Dev Raheja
President | Patient System Safety
Dev Raheja, MS,CSP, author of the books Safer Hospital Care and Preventing Medical Device Recalls, is an international risk management, patient safety and quality assurance consultant for medical device, healthcare and aerospace industry for over 25 years. Prior to becoming a consultant in 1982 he worked at GE Healthcare as Supervisor of Quality Assurance/Manager of Manufacturing, and at Booz-Allen & Hamilton as Risk Management consultant for variety of systems. Currently he is an Adjunct Professor at the Florida Tech for its BBA degree in Healthcare Management and the online faculty at University of Maryland where he teaches courses on Reliability. He is a Founding Fellow of American College of Healthcare Trustees and a member of American College of Healthcare Executives, He is a former National Malcolm Baldrige Quality Award Examiner in the first batch of examiners.

He serves on the Patient and Families Advisory Council at Johns Hopkins Hospital. He helped them in providing 24/7 access to family members of patients and reduced the number of alarms for nurses so they recognize critical patient needs early.
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Recorded Webinar
Complying With Telemedicine Requirements
Laws governing telemedicine are enacted through state legislative action, with authority to implement the practice acts delegated to the respective state licensing board. The purpose of licensing health care professionals is to protect the public from unqualified practitioners. Practicing medicine requires a certificate of licensure from the state in which the practitioner is working and may require licensure in the state where the patient is located. Similar laws cover other practitioners such as physicians, nurses, pharmacists, therapists and other professionals dispensing health care services. Anyone starting a telemedicine service must be familiar with regulatory requirements, benefits, barriers, exceptions to licensure requirements.
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FMEA and Fault Tree Analysis for Preventing Hospital Risks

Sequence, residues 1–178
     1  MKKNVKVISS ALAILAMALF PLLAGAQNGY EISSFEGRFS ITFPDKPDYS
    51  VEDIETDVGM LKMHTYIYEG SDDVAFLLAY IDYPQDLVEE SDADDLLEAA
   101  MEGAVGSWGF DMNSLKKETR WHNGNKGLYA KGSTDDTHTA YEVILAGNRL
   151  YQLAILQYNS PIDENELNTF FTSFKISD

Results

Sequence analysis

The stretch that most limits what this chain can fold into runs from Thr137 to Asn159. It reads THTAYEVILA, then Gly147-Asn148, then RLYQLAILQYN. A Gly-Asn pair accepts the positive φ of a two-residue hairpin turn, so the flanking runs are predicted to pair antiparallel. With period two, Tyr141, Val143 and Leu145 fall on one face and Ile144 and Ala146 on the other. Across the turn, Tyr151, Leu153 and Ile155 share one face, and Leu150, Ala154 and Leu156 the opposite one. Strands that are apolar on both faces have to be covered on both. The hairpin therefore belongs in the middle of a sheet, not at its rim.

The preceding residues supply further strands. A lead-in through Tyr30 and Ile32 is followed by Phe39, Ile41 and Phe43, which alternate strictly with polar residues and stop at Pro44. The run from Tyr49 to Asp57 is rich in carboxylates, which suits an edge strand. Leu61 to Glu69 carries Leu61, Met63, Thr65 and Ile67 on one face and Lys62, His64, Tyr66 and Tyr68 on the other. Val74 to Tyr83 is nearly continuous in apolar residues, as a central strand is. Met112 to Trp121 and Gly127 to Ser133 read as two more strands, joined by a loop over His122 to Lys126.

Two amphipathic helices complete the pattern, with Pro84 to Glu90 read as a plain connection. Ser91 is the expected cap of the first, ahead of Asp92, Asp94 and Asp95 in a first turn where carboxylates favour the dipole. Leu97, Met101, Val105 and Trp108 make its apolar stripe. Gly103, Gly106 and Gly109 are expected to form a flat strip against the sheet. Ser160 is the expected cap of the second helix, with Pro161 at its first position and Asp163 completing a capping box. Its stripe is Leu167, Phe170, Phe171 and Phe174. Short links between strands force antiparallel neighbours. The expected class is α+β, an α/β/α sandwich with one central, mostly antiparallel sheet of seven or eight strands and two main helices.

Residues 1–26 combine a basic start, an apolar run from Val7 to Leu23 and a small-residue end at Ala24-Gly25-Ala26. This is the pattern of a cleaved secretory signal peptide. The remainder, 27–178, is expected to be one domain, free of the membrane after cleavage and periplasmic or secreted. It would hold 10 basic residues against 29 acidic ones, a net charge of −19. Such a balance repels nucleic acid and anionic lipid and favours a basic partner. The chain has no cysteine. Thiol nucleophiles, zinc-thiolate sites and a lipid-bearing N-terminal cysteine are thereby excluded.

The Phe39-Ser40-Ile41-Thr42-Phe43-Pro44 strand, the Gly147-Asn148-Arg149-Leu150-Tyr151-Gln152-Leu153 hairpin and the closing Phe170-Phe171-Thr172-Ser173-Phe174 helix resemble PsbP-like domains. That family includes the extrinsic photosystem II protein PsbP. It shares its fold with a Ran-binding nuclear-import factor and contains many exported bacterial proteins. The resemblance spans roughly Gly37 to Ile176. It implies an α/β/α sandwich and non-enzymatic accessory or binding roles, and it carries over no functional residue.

Before performing any healthcare act, it is important to understand and identify the possible risks. Once we understand and identify what the risks are, healthcare providers need to decide on their response to that risk and the different scenarios they may be faced with. This has to be done before any harm is done to patients. Two methods of doing this are the Failure Mode and Effects Analysis (FMEA) and Fault Tree Analysis (FTA). The FMEA is a preventative approach to measure and analyze the probability of error. The FTA is an analytical approach that shows the events that can lead to failure from unexpected life threatening scenarios. The FTA diagram appears as a tree, hence the "tree" analysis. It contains many different branches of causes and outcomes based on the scenario. Although both the methods provide information on the causes and effects harm, each analysis is done from different angles. Because healthcare organizations have been traditionally reactive rather than proactive, the Joint Commission began requiring use of FMEA as an accreditation standard in 2002. The purpose of FMEA is to deliver reliability of medical interventions for a standardized process while FTA focuses on delivering patient safety from unexpected mishaps.
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Software FMEA for Medical Devices
Software related device recalls are steadily going up for the last 10 years. The biggest reason is that missing and vague requirements in software specifications are responsible for at least 50% failures. Therefore risks are inherent in software design and development, even after so much attention paid to the design control process. You can identify more risks than you know if you use the Software Failure Mode and Effects Analysis (FMEA). This tool predicts many life cycle failures; assess risk of each failure, and helps design out risks by using the best practices in risk mitigation strategies. Understanding how mishaps can happen before they happen and preventing them by design is the key to efficient risk management.
Recorded Session Get life time access for one participant with download option!

Final Rules for Electronic Health Records Stage 3 Meaningful Use Update